FFIEC Statement on Outsourced Cloud Computing
The Federal Financial Institutions Examination Council (FFIEC) has issued a statement on outsourced cloud computing activities.
The statement discusses key risk considerations associated with outsourced cloud computing activities and identifies applicable risk mitigation considerations contained in the various booklets that comprise the FFIEC IT Examination Handbook.
The Outsourced Cloud Computing Statement is contained in the Reference Materials Infobase section available online at http://ithandbook.ffiec.gov/.
Risks Associated with Cloud Computing
In reading this, we located a direct link to the FFIEC’s Publication: Outsourced Cloud Computing.
In addition, Appendix D: Managed Security Service Providers of the Outsourcing Technology Services Booklet states:
- Cloud computing is an emerging trend in which some of the IT industry’s biggest players are investing significant resources. Cloud computing in general is a migration from owned resources to shared resources in which client users receive information technology services on demand from third-party service providers via the Internet “cloud.” In cloud environments, a client or customer will relocate their resources such as data, applications, and services to computing facilities outside the corporate firewall, which the end user then accesses via the Internet.
- Cloud-based MSSP services may be implemented as part of Internet access services. Examples of “in-the-cloud” services include carrier-based denial of service protection, virtual firewall services, and carrier-provided URL blocking. When an MSSP offers services that use a cloud computing architecture, the same risks that are specific to non-cloud-based security services apply. However, there are a few additional risk considerations that should be assessed when moving to a cloud computing environment. Areas for FIs to consider when an MSSP uses cloud computing in their managed security services environment include:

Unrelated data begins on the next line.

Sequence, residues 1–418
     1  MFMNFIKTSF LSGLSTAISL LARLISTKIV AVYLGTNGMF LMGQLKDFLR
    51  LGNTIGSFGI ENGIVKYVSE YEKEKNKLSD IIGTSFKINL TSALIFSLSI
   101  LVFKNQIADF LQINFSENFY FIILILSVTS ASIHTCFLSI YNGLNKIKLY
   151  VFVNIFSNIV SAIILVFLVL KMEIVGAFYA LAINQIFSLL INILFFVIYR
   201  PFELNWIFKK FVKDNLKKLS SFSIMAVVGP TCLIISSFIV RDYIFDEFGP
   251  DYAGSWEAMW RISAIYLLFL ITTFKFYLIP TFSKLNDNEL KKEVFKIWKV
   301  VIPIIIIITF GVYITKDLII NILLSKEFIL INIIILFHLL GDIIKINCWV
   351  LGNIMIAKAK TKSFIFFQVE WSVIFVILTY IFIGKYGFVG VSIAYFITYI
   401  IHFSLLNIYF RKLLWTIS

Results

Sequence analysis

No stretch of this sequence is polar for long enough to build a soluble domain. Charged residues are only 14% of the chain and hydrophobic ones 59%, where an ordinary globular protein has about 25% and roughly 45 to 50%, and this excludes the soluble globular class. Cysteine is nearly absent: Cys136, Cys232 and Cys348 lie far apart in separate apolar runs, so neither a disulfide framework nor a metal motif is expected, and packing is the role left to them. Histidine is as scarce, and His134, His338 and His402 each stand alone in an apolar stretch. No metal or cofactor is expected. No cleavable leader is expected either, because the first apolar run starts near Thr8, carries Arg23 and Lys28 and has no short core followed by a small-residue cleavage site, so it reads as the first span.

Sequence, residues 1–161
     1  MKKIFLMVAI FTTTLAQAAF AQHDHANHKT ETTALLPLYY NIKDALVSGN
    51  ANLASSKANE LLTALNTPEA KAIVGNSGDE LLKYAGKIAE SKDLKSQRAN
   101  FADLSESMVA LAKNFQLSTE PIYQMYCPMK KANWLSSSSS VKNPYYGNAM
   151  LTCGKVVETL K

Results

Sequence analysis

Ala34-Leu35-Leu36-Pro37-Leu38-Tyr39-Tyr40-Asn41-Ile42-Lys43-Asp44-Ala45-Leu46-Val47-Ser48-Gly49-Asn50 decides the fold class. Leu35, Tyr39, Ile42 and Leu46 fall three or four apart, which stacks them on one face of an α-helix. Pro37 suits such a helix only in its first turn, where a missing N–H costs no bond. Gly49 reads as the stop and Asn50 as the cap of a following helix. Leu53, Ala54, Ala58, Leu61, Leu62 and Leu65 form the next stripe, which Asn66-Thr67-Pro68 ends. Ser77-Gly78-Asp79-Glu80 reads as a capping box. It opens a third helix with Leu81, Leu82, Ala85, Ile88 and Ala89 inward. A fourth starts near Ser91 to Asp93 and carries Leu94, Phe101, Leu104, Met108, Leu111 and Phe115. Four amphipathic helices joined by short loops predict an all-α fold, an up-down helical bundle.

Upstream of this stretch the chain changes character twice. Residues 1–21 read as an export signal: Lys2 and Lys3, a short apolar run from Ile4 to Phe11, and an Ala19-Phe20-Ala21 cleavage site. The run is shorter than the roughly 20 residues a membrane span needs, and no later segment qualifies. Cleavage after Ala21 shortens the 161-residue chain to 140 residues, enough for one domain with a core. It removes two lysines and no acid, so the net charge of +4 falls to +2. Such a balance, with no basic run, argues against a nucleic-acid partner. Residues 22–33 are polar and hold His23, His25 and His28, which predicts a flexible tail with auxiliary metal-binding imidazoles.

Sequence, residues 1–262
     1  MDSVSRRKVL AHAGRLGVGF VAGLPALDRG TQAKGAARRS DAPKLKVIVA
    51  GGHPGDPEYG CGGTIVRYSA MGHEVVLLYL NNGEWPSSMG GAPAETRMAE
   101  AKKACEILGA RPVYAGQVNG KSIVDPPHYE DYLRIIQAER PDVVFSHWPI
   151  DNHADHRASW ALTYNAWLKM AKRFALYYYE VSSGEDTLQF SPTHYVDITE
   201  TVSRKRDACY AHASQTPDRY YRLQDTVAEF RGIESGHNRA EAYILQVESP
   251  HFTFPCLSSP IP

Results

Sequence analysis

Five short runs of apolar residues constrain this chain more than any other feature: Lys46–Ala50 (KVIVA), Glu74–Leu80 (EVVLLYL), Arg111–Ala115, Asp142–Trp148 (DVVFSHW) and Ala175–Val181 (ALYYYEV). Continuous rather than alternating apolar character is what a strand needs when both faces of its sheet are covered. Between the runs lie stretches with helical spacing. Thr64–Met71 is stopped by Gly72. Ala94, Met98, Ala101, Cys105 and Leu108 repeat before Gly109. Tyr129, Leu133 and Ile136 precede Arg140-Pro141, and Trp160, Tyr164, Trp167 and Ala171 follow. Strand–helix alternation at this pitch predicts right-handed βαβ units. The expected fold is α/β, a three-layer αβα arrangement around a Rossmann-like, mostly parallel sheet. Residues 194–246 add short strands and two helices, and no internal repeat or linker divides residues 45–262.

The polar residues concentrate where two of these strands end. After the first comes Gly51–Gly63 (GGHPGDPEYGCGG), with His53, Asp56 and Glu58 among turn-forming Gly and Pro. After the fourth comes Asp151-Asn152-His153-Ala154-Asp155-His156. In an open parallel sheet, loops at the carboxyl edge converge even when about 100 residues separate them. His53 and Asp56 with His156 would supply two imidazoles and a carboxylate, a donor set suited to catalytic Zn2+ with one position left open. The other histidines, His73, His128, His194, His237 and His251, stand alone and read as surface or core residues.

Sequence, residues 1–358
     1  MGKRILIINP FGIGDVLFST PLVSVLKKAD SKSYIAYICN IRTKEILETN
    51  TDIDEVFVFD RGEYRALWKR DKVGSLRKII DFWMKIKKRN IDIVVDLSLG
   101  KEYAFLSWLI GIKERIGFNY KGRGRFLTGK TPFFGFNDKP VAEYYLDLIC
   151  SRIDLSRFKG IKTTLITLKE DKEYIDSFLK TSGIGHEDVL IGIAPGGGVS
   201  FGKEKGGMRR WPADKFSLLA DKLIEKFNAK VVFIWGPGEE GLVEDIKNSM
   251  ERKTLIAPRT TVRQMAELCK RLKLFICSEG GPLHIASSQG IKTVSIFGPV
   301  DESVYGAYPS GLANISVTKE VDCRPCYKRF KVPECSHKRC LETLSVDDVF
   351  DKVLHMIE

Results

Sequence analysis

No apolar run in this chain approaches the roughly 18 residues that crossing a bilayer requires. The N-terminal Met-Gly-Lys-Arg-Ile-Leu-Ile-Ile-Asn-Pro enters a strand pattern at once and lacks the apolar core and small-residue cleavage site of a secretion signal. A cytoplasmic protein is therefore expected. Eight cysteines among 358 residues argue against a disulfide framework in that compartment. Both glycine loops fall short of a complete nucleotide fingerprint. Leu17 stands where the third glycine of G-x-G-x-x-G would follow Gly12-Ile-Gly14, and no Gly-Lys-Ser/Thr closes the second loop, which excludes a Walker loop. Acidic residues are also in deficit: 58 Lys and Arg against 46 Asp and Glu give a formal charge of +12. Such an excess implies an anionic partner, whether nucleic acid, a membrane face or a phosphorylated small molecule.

- Protecting data in transit to avoid data leakage;
- Securing data at rest so that one data breach within the cloud does not breach the other customer data within the cloud;
- Maintaining compliance with applicable regulatory requirements;
- Complying with foreign government privacy laws when outsourcing is performed offshore;
- Segregating customer data appropriately to comply with audit and legal requirements; and
- Avoiding sharing of authentication credentials to prevent the impersonation of users.”
Stepping back, you should also review Appendix A: Examination Procedures in the same document, as it provides for additional information that examiners may be looking for if you utilize cloud computing in your organization.
According to Dan Hadaway, “This can be seen as a warning that cloud computing sites should be included in your vendor due diligence and business continuity planning even if they are free.”